30 Mar 14
Don't Dig It
by Costa Georgiadis
The “no-dig” garden can seem like a bit of a strange concept to a new gardener, loading them up with questions like, “How do you not dig when you are gardening?” “Isn’t a shovel the first thing you pick up when you go outside?”, or “What will I do if I am not digging?” The idea of the no-dig garden was originally developed by Ester Dean back in the 1970s. She was frustrated when trying to grow a garden in heavy clay soil, so she decided to just build it above the clay. So, from Esther’s frustration, the no-dig garden phenomena began. Today, this simple technique, begun by Esther and her husband, has been used – and is continually being adapted – by gardeners everywhere.
CASE STUDY: LEONIE SHANAHAN
When it comes to no-dig gardening, Leonie Shanahan has been using this technique in schools and gardens with great success. In her book, “Eat Your Garden”, Shanahan outlines what it is that makes the no-dig method so simple and yet so successful:
Australian soils are old and tired and we need to add ‘food’ to them to bring life into our vegetable beds. No-dig gardens are fun to set up and can be planted into within weeks, and then you will have produce that is bursting out of the ground absolutely filled with goodness that you can feel and taste.
Shanahan has been running an Edible School Garden program on the Sunshine Coast, where she works with staff and students to bring the importance of growing and eating fresh food into the daily play space of children. In each garden, she sees certain patterns of success repeat themselves. She says,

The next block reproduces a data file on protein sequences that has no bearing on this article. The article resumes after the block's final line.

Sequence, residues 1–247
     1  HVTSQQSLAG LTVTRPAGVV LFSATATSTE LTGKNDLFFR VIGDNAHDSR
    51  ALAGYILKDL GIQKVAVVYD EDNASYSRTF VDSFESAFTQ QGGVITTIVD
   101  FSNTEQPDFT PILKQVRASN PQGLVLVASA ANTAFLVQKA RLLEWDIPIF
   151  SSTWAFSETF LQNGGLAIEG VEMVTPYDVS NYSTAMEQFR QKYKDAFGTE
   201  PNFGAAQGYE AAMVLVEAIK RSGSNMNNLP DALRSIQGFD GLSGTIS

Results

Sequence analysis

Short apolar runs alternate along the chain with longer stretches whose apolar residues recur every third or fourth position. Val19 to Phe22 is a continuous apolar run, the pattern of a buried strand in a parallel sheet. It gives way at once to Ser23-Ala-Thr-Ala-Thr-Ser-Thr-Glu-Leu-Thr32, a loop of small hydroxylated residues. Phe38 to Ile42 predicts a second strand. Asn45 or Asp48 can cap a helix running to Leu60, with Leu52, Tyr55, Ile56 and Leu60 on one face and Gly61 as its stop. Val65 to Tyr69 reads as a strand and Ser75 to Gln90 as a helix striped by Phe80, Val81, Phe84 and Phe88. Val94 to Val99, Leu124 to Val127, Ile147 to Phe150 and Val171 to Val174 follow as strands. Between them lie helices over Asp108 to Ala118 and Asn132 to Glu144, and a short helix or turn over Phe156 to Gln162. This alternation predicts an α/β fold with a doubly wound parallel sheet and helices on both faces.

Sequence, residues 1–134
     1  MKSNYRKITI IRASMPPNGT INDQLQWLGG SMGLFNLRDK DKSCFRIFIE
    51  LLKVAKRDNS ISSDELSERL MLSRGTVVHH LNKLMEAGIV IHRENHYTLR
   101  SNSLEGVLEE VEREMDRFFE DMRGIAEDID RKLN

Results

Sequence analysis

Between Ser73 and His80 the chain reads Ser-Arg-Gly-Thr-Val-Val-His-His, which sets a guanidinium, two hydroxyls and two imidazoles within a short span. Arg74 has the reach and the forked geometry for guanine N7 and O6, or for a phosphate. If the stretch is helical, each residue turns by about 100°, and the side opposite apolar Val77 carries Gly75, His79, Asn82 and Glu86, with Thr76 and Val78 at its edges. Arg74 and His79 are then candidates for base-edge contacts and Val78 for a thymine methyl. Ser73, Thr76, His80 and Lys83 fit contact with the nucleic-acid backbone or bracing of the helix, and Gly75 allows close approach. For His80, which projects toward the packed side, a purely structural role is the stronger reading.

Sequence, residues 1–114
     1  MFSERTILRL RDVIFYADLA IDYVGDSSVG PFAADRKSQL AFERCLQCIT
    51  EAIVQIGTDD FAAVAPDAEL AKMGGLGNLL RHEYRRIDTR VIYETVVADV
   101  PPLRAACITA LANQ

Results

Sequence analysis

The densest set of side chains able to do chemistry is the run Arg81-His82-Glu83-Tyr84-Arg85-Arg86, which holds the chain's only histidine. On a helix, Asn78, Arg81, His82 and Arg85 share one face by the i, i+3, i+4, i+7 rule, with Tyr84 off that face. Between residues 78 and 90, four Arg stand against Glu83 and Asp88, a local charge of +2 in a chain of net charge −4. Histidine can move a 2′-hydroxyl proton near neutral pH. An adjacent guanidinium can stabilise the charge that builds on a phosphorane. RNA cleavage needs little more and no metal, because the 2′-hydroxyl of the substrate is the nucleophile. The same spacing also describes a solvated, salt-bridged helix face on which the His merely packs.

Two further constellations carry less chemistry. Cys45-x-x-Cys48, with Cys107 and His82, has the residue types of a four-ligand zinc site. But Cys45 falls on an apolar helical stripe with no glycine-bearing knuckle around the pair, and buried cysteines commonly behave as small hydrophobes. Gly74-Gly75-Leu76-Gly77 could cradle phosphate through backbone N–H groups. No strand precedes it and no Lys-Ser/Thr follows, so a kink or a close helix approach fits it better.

The health of the vegetables - they grow quickly, but not force-fed unnaturally - as well as their colour and texture is vibrant and the plants are not bothered by pests. No-dig gardens are creating a life-force in the soil that is supporting these plants fully.
Shanahan sees the big picture in terms of the no-dig system being the starting point of building a garden ecosystem from the soil up, saying “if you put the hard work in at the start, you will reap the rewards", She connects the importance of soil health with plant and produce health and then, of course, to our human health.
What is happening in our soil is reflected in our plants and our health. There are no short cuts; we need to support our soild by having compost systems, adding minerals, worm castings, mulch etc - all materials to create an abundance of life in the soil. If you want to be truly healthy and vibrant, you need to grow soil fertility for your food.
Click here to download the 'Don't Dig It' article by Costa Georgiadis
FMTV Special - It is such an honour to be recognised as a passionate leader in children’s health by Food Matters with the Edible School Gardens DVD being included on FMTV (FoodMatters TV), a live streaming wellness site.
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